The twenty-sixth day of August The year remains unknown I woke in the same room I found myself in eleven days prior. A small parchment calendar had been tacked to the wall with this date circled…almost as if someone were trying to tell me my entry dates were off. I quickly brought my journal up to date then proceeded out the door and down the hall. There I turned into the very same courtyard I’d cross so many days prior. Rather than being snow covered, the stone was clear and dry. Beautiful assortments of flowers grew from raised stone beds around the perimeter. In the center, sat a large stone table. Rather than the drab gray of the rest of the stone, the table was black and polished to a fine, reflective finish. Upon the table sat a feast the likes of which I’d never laid eyes upon. Foods, most of them unfamiliar, were arranged in an artistic fashion that when viewed from afar, would be called a masterpiece to the eye. My stomach growled and I moved to close in on the table. I glanced at the archway in the far corner of the courtyard as I neared the table but would not allow my appetite to be unsatiated –even by that which I feared above all things in this place. Steam rose from the baked goods and caught in the light breeze sending the smells in my direction. I quickened my pace but seemed unable to close the gap. My mouth watered and again my stomach reminded me of its need. I moved even faster until I broke into a run yet despite my best efforts, could not draw closer. Exhausted, I sat, put my head in my hands hoping the dizziness from the exertion would pass, my breathing would slow and the need to cry out would move along. I’m afraid you’ll not reach that which you desire in the manner you are currently attempting, said a deep, buttery voice. The only voice I’d heard in as long as I can remember. The voice of Akil Karanis. He stood just under the archway across the courtyard yet based upon the volume of his voice, he could have been beside me. He quickly made his way in my direction stopping to cut himself a thin sliver of cake. He put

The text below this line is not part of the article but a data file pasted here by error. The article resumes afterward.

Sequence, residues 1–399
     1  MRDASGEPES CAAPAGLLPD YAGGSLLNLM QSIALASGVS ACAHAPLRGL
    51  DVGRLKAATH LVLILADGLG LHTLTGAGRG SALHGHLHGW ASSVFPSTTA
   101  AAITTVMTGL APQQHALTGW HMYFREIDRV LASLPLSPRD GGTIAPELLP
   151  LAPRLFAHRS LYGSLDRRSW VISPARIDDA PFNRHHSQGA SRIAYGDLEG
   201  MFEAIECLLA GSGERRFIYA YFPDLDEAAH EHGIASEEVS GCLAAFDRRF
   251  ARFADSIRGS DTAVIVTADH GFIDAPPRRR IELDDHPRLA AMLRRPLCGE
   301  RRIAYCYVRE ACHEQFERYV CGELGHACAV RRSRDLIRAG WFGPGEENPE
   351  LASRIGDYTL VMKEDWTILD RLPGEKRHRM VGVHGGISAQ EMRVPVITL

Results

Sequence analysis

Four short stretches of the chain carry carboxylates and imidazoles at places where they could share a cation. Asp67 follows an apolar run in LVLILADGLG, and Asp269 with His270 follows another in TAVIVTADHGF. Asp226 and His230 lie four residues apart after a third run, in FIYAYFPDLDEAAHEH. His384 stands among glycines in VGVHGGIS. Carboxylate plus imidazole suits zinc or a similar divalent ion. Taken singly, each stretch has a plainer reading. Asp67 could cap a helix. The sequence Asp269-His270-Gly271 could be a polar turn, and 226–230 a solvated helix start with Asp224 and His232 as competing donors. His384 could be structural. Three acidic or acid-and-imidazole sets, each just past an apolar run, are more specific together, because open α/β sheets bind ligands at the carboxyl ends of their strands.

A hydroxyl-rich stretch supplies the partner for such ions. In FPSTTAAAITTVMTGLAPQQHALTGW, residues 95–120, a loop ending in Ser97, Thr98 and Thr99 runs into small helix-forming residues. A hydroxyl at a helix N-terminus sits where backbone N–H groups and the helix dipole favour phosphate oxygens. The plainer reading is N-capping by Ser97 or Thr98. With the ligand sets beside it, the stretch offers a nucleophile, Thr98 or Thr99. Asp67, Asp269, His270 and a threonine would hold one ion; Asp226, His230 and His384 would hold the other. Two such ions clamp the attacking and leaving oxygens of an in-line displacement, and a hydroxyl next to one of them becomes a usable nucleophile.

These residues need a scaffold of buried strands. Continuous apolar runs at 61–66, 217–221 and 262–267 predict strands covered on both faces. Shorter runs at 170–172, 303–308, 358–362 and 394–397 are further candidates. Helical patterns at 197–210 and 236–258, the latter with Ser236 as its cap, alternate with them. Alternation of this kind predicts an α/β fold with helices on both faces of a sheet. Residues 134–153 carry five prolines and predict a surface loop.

the entire piece in his mouth, wiped the crumbs from his beard and continued in my direction. A fine creation, I must say, said Akil. I stood, feeling dizzy as I did so. The old man put a hand on my shoulder. Perhaps you should take a seat, you are not looking well, he said. I sat. The warm stone felt comforting against my thighs. After a moment, I looked up at the old man standing over me whose posture suggested anything but that of an old man. Is this your doing? Another attempt to wear me town? To break my will? I asked. Goodness no, he said sitting beside me. I am as in control of this environment as you. I’m afraid this gateway was constructed long before y time. He gently stroked the white hair of his beard. Why, I asked, does it appear that both you and this gateway, as you call it, appear to be aligned in goal and intent? I am here as your guide, sir, and my purpose is to aide you on your journey, which happens to be along the same path as this gateway’s passage, however that is where the similarities end. What lurks in the darkness of the stair? I asked. Why must I go there and what is this overwhelming fear I feel whence I simply gaze down into the darkness? This place, this gateway was designed to find in you, that which you fear most and project it down those stairs. Not in reality, you see but in your mind, said Akil. The creator of this place was a master of mind manipulation –the master, in fact, who all others have built upon his foundational discoveries and created the very discipline. You see, when I pass through that threshold, I view something entirely different, he said. I have not even crossed the threshold yet I become paralyzed at the mere sight of it. Paralyzed by fear, I said. And what is fear? Akil asked, removing his pipe from a pocket deep within his traveling cloak, simply a state of mind. Indeed, I replied, if it were only that simple. If only, the old man said, stuffing his pipe with some kind of leaf. He rubbed his thumb and forefinger together an inch or two above the bowl while muttering something I couldn’t quite hear. Smoke began to rise from the bowl and he puffed quickly, his cheeks pulling in and out like a child’s impression of a fish. Satisfied that it was well lit, Akil turned his attention back on me.


He could tell by the way I looked at him I had something on my mind. Speak up, sir, he said. The only counsel we keep here, we keep together –willingly or not, I daresay. You are an Alverist, I said. I recall recently having this discussion, perhaps you’ve forgotten? He studied my face for a spell, then in a moment of revelation, he spoke again. I see, he said. I apologize for not picking up upon this sooner. You are under the impression that all who have my abilities are Alverists, which is a fair assessment from your perspective. I say without hesitation that you would not be alive if that were accurate. Fortunately there exist those with my abilities who are not Alverists –although our numbers have been dwindling of late. As Akil finished his sentence a deep rumble sounded from the stone archway. It grew to such a roar that food began to fall from the table. The old man looked at me with a smile and over the noise said, we shall speak again. The light dimmed until blackness consumed my world.